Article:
Fork App Wants ‘to Make Groupon and LivingSocial Outdated’
Forget Groupon and LivingSocial. Harvard-born startup Fork is developing a simpler solution to finding local restaurant deals.
“We want to make Groupon and LivingSocial outdated,” says cofounder Felix Wong. “We think this version of online promotion sucks.”
The Fork app is a mobile coupon book focused on offering location-based promotions. The key differentiator is that it’s free for restaurants to use, as opposed to Groupon, which keeps 50 percent of the revenues from each deal. The app also eliminates the need for any premature planning from the diner.
“Groupon complicates the service,” Wong says. “They force users to think about whether they should buy the promotion at first. That really involves me having to plan weeks, if not days, in advance. I need to be able to know I can commit to it at that time.”
Aside from the coupon service, Fork is implementing “lightning deals,” or rather limited edition promotions restaurants can offer during down hours to attract more customers. Users will be able to open Fork and see a picture gallery of restaurants sorted by distance and hourly deals. When they are ready to redeem a coupon, they simply show it to the waitstaff, “who will know what to do.” And just like that, the coupon is gone.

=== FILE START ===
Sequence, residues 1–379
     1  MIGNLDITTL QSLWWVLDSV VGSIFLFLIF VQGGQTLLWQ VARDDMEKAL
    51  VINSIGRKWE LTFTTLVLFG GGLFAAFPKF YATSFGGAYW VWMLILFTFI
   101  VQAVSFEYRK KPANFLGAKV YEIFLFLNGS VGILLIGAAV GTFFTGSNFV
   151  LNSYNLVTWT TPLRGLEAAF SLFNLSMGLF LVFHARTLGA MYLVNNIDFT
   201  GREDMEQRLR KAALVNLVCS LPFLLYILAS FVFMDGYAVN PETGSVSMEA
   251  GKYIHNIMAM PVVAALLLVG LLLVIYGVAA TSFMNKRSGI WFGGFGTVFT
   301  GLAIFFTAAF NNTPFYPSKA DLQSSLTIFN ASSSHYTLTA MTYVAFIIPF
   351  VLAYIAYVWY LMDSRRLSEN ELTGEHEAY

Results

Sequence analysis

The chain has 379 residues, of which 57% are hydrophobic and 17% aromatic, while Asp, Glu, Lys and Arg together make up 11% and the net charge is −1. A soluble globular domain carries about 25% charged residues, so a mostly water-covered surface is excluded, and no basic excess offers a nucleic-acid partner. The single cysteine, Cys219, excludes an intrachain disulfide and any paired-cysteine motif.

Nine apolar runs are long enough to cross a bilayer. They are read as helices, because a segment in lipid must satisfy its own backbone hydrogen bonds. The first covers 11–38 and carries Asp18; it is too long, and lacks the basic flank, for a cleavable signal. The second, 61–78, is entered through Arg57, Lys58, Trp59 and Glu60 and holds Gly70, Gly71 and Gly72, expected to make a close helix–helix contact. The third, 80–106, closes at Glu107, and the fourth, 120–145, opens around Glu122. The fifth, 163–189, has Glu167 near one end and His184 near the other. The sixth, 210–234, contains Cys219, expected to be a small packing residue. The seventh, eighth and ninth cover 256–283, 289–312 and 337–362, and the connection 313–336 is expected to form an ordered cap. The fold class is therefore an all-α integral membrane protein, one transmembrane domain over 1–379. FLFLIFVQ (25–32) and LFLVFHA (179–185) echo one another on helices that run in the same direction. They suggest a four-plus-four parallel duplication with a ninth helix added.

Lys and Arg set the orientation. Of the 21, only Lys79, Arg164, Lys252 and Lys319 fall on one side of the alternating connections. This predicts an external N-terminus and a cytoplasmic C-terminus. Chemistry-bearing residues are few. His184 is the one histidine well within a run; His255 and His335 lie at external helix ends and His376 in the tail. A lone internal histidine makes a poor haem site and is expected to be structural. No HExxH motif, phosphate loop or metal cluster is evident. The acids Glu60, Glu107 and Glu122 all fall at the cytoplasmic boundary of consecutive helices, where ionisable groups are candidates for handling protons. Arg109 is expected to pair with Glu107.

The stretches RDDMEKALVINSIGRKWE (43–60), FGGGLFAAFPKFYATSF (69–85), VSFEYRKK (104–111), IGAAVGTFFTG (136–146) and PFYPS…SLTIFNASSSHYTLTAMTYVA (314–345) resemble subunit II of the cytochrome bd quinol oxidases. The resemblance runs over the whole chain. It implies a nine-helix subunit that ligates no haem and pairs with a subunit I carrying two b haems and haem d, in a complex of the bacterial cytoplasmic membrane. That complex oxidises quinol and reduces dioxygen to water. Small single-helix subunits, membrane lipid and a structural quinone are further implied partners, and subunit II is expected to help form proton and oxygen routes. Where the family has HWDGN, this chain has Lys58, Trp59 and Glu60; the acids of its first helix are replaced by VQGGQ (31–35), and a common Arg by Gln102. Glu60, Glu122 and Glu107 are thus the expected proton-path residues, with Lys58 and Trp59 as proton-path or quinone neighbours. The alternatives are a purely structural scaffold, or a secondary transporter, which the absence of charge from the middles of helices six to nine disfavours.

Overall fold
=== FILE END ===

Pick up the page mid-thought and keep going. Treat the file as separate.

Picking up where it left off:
“Our vision is that Fork should be the easiest app you could ever use,” Wong explains.
Nearly 50 restaurants in Cambridge are already testing out that theory. Although slated to launch in spring 2016, Fork is experimenting with 100 beta users around Harvard before opening up to the more than 3,000 others currently on their wait list.
The three cofounders—Wong, Xiawei Wang, and Kuriakin Zeng—started developing the app one year ago, after not knowing where to find local deals around Harvard. Wong and Wang are currently Harvard Ph.D. students, and Zeng is a recent graduate of the university’s computer science program. Given their Ivy League ties, it was only natural the founders focused Fork’s marketing efforts on college students first.
“We know what [college students are] looking for,” Wong says. “We have the connections to make this a reality at Harvard, MIT, and other schools in the Boston area.”
Once Fork sees success in Boston, the startup plans to expand to other Ivy League schools, such as Yale and Princeton. With the number of mobile coupon users expected to surpass one billion by 2019, the team is confident they can make Fork go viral.
“Fork will just be everyone’s coupon book,” Wong says.
When asked how they plan to make money, Wong acknowledges that they don’t—not in the next few months at least. If they continue to “attract a critical mass of users,” however, and learn how to leverage that data to help restaurants create more effective coupons, they envision potentially charging a dime or quarter for every coupon that’s redeemed. In the interim, the founders have explored raising seed funding “to take Yale by storm.”
And if they do, Fork will be one step closer to achieving the founders’ goal: dominating Groupon and LivingSocial.